#7
"At the January 1865 conference, Lincoln suggested that if the Confederate states rejoined the Union quickly they could block the 13th Amendment. He also suggested delaying abolition for 5 years. These were his initial suggestions, so it is likely he was willing to concede more. This is discussed in Wikipedia and elsewhere".

see: Lincoln's Peace Terms at January 1865 Conference
Thanks for this link!

Anyway, it seems very, very stupid for Lincoln to tell the South that they could block the 13th A if they'll rejoin the Union quickly enough. After all, what about if they will call his bluff?
 

stevev

Ad Honorem
Apr 2017
3,419
Las Vegas, NV USA
#8
Thanks for this link!

Anyway, it seems very, very stupid for Lincoln to tell the South that they could block the 13th A if they'll rejoin the Union quickly enough. After all, what about if they will call his bluff?
It does from our prospective, but Lincoln was very concerned about the difficulties of integrating millions of former slaves into the economy. He discussed this often with his advisors and didn't see an easy solution. He anticipated the continued resistance of white southerners to integration and possible mass migration to northern states. John Wilkes Booth relieved Lincoln from this problem. With Reconstruction, the 13th Amendment passed quickly and the radical Republican majorities passed the 14th and 15th amendments. Ultimately though, Lincoln's concerns proved correct once the South recovered its political power.
 
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Futurist

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May 2014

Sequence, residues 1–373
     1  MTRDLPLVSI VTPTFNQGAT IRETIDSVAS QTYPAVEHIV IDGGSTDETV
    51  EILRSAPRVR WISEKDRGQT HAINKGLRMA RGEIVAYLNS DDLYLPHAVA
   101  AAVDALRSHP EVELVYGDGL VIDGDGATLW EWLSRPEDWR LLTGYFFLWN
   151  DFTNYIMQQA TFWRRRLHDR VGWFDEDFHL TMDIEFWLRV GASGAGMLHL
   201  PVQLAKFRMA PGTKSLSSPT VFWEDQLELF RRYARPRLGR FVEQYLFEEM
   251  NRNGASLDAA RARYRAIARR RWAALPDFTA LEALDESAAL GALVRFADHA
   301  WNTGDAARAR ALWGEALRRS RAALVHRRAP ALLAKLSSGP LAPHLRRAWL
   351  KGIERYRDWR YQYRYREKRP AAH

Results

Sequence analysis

20,996
SoCal
#9
The difficulties of integrating millions of former slaves is a terrible reason to keep them enslaves, though--especially when one has just fought a civil war against a state that was committed to preserving slavery (indeed, preserving slavery was the Confederacy's raison d'etre).

As for the resistance of White southerners, that was going to happen in any case, Southern Whites were going to mistreat Blacks regardless of whether or not they were slaves--though I do agree with you that Southern slave owners who might have been relatively compassionate towards Blacks in the days of slavery might have been less compassionate after slavery's abolition.

As for the mass migration of Blacks to northern states, as long as large numbers of European immigrants were continuing to arrive in the US, this wasn't going to be a significant issue since Northern employers would have probably preferred to hire Europeans over Blacks if they actually had a choice in regards to this. Large numbers of Blacks didn't begin moving north until the start of WWI--which is when European immigration to the US was interrupted--followed by the passage of stringent immigration quotas in the 1920s, of course.
 

stevev

Ad Honorem
Apr 2017
3,419
Las Vegas, NV USA
#10
The difficulties of integrating millions of former slaves is a terrible reason to keep them enslaves, though--especially when one has just fought a civil war against a state that was committed to preserving slavery (indeed, preserving slavery was the Confederacy's raison d'etre).
.
I agree, but if Lincoln did indeed make this offer to the South in Jan, 1865, how do we explain it? Perhaps Lincoln wanted to end the unprecedented slaughter. He had won his second term, so perhaps he wanted to buy time. Once the shooting and killing stopped many outcomes were possible. Preserving the Union was always his primary objective.

You could argue that given the many lives already lost, allowing slavery to persist in any form at this point is out of the question. Lincoln only offered the possibility that the South could block the 13th amendment. In fact the outlines of Reconstruction had not yet been agreed upon. If the South accepted Lincoln's offer, I assume they would be readmitted to the Union with voting rights. The question then would be could Lincoln rely on the less moderate Congress to prevent the South from blocking the 13th amendment. He was after all a practiced politician. Once the South laid down their arms, it would be difficult to restart the war. Finally the 13th amendment didn't actually take effect for a year which allowed Lincoln time to try figure out the many problems he faced.